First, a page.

I know the posts on this are few and far between. I will now attempt to make up for that by a topical summary. (For the record, I'm posting from a lovely condo in Clearwater, Florida while Kerry watches baseball. Life is goooood.)
Ch. 1 Khobar Towers
Before this reading I didn't know much about the terrorist attack on Khobar Towers that killed 19 American soldiers. Probably because it happened when I was 12 and I wasn't really up on foreign affairs at that point in my life. Another contributing factor in my ignorance was the way it was handled by the Clinton administration. This chapter is very telling about the political climate in DC under Prez Bill and the U.S.'s general policy on terror before 9/11. While the facts surrounding the lengthy investigation were interesting, I was more moved by the legal and personal nuances. Based on this, I would consider reading other accounts of events during the Clinton administration or about the inner workings of Washington, including Bill's auto- My Life. I own it and have read some of it, but his style is sort of broad and wandering and it lasts like 800 pgs.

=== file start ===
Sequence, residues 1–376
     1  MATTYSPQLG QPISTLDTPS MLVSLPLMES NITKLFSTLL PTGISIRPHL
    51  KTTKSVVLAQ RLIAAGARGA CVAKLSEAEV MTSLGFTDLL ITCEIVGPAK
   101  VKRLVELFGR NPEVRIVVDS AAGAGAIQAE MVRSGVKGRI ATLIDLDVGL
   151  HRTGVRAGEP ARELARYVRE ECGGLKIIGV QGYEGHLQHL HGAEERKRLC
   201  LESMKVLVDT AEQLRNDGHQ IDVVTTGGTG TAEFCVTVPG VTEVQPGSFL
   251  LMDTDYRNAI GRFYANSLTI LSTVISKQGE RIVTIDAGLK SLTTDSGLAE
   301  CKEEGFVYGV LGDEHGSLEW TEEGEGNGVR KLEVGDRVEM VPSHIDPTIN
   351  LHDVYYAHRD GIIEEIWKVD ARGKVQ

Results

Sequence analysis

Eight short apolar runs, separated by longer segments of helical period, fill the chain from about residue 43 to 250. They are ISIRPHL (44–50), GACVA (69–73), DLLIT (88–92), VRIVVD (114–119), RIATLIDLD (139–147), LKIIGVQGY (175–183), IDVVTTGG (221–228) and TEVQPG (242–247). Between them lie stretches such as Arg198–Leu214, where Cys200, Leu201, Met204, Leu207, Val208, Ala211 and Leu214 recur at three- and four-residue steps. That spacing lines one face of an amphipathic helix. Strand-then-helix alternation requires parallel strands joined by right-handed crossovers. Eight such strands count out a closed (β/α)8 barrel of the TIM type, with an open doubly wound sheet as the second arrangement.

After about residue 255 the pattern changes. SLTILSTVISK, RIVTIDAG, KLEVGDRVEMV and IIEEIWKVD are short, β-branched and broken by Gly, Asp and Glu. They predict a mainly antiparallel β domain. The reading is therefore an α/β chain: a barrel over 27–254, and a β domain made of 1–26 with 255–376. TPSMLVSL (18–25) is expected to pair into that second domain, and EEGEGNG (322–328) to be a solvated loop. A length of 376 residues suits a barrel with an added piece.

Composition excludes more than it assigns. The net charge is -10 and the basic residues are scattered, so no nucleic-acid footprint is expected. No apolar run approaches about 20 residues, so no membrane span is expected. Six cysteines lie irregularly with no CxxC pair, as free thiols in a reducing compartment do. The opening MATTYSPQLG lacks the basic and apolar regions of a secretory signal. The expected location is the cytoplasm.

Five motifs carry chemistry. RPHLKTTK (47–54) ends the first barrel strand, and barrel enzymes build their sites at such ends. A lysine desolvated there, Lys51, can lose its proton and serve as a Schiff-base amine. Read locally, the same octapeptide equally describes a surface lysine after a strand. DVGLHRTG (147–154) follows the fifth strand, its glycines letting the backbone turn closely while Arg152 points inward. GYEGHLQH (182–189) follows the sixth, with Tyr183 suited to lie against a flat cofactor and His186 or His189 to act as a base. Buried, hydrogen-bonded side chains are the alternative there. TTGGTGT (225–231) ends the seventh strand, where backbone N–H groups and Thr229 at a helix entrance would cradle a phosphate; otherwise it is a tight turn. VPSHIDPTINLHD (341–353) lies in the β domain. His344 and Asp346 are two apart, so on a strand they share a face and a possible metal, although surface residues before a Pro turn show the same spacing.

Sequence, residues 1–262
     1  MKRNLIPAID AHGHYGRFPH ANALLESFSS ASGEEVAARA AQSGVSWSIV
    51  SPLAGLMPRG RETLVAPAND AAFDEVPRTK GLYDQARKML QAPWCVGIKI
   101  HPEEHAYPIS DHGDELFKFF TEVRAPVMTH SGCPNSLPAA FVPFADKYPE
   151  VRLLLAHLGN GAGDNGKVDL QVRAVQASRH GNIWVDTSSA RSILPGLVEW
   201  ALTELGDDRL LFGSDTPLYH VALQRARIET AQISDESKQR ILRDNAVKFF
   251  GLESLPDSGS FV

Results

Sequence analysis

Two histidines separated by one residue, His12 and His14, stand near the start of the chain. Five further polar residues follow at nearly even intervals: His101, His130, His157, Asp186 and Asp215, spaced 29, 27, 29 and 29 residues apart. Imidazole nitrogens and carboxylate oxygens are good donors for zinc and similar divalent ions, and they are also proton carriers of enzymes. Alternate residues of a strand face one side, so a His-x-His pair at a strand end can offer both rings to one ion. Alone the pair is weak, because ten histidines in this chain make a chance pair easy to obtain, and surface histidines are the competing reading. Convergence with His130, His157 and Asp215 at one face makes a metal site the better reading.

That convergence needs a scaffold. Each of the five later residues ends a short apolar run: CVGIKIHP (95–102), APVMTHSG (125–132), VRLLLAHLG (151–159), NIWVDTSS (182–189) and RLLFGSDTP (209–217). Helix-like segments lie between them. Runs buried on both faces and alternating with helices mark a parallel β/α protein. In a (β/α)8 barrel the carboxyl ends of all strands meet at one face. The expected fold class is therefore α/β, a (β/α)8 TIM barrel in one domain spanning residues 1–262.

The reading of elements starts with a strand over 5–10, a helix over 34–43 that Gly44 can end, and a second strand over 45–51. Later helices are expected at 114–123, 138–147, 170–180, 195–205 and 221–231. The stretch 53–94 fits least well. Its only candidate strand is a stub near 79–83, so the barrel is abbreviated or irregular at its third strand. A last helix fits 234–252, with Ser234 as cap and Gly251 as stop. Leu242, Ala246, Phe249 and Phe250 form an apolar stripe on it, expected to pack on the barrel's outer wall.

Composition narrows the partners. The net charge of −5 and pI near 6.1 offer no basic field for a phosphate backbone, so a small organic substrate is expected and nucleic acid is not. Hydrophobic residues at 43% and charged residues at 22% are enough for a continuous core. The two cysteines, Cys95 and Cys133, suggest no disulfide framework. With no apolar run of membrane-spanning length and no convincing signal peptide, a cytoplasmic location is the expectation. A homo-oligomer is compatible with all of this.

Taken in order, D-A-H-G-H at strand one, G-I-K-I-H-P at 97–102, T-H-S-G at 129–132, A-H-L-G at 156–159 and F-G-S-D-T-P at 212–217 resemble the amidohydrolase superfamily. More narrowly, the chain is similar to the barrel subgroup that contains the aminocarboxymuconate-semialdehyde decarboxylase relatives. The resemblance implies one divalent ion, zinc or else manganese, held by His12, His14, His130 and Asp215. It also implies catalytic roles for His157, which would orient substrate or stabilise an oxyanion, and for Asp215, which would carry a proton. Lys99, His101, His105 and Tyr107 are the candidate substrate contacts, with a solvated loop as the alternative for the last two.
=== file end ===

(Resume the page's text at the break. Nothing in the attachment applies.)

Ch. 2 "Only If I Yell 'Duck!'"
I enjoy the naming conventions on the chapters. This chapter covers Freeh's appointment as FBI Director including his first meeting with Pres. Clinton and his decision-making process. It's really a long chapter about how the appointment happened and the prelude to the disintegration of his relationship with the president. It seems in large part due to the falsely positive start. It seemed at first that things would be great, that the position was defined the same way for both men, but that turned out to be untrue. This is a less interesting chapter in that it deals only with Freeh's personal decisions and hopes and disappointments, though it does lay the groundwork for a lot of the future conflict.
Ch. 3 "You're Not Really College Material"
Haha, New Jersey sucks as does Catholic School. This chapter is all about Freeh's family history and growing up in Jersey. It's as charming as any story of an immigrant family in the big city. Freeh's mom is a quality character.
Ch. 4 "The FBI? You're Crazy!"
From undergrad to joining the FBI as an agent, this is a particularly amusing chapter. It talks about Freeh's days as a sort of sheltered college kid in one aspect, while covering his history on the docks in a union run by the mob. Fun for the whole family. There are also some funny anecdotes about being a rookie in the New York/New Jersey FBI and his first few assignments as such.